It's worth noting that, if you don't pass it in the form of a fully-qualified URL, it will default to TFTP.
But you can pass any format you can add to the phone.
When the phone receives the server from option 66 and requests 000000000000from the root directory, we instead forward it on to our file, which handles the initial configuration.
Our script looks at the HTTPThese files all contain a variation of my previous auto-provisioning configuration config, which tells it the proper directory to look in for phone-specific configuration.
You may want to have some kind of cleaning script to remove log entries over X days old.
Passing the initial config via DHCPAt this point, we have a working magic configuration.
But having the phone fill up a directory full of logs is ungainly.
Phones, once configured, fetch dynamically-generated configuration files that are guaranteed to be as up-to-date as possible. except that it still requires me to touch the phone. By default, Polycom phones out of the box look for a provisioning server on DHCP option 66.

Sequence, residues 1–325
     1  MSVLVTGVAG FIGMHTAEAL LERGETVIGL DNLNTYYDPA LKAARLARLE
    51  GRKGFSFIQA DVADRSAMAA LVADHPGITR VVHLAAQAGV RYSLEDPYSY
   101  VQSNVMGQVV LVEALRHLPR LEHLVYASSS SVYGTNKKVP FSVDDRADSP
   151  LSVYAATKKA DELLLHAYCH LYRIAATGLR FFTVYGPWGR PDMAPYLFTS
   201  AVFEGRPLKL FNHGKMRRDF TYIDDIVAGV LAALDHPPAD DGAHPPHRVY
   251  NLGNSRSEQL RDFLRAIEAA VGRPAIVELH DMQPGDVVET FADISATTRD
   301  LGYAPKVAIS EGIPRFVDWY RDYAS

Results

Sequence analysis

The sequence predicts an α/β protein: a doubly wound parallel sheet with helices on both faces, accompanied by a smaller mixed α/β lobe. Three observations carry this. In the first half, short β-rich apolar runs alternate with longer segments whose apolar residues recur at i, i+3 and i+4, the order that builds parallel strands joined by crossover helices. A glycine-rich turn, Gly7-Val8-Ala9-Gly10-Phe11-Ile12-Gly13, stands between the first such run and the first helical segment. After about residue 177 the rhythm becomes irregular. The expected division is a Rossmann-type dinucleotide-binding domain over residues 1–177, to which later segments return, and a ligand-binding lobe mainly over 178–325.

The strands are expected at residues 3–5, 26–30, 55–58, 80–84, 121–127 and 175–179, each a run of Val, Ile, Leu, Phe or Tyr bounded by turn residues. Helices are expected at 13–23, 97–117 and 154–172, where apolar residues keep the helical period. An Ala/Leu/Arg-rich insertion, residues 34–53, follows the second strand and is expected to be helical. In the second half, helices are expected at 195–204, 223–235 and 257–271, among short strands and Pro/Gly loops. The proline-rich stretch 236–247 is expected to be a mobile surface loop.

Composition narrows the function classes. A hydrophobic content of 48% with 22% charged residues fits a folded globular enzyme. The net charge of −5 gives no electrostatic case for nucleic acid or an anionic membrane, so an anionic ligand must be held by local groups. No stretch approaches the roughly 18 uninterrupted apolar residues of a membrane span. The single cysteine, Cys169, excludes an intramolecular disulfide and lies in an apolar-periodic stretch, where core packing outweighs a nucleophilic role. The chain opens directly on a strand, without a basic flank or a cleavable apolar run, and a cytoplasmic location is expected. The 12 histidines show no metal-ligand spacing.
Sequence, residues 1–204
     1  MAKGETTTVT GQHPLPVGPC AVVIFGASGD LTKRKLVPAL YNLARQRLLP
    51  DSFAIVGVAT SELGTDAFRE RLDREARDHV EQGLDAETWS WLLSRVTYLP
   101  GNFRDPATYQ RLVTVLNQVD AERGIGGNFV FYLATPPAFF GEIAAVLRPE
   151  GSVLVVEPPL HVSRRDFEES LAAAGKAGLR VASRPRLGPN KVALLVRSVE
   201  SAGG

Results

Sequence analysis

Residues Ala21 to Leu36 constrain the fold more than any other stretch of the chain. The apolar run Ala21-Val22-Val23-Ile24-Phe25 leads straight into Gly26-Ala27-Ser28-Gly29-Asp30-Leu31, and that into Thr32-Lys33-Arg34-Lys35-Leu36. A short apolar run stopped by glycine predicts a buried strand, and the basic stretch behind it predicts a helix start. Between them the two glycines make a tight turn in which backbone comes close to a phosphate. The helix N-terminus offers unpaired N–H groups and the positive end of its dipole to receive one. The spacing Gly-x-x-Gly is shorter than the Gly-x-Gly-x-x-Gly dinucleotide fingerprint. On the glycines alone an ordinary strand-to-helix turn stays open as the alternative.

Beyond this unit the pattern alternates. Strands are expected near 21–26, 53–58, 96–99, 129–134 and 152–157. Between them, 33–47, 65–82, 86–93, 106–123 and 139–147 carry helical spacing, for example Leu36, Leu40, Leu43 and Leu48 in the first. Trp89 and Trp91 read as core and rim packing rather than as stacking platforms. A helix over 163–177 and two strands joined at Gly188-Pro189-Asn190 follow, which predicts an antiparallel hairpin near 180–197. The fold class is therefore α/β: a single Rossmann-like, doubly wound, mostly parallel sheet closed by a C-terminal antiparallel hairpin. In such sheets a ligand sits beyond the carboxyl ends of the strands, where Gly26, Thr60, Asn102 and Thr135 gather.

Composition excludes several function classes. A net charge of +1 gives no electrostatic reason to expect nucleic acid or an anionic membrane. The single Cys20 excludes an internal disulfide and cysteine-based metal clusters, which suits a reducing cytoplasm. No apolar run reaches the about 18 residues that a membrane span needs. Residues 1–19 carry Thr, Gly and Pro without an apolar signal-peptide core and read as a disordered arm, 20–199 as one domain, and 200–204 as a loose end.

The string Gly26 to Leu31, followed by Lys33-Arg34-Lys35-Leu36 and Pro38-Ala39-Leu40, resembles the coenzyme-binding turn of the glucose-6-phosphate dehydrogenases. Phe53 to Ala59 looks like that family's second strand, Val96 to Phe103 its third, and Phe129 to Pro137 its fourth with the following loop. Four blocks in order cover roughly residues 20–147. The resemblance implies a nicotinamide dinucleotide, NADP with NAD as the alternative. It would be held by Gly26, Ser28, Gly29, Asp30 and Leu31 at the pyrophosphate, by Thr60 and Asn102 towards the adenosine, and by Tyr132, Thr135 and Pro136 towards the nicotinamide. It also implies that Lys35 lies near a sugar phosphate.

Their directories are generated out of the same database, and log files are added back to the same database. I'm still required to punch into the keypad the provisioning directory to get it going. If they don't find this, they will proceed to boot the default profile thats ships with the phone.
A quick change to the configs makes it possible to schedule the phones to look for changes at a certain time: This causes the phones to look for new configs at 1AM each morning and do whatever they have to with them.
Conclusions The reason all this is possible is because Polycom's files are 1) easily manipulatable XML, as opposed to the binary configurations used by other manufacturers, and 2) distributed, so that you only need to actually send what you need set, and the phone can get the rest from the defaults.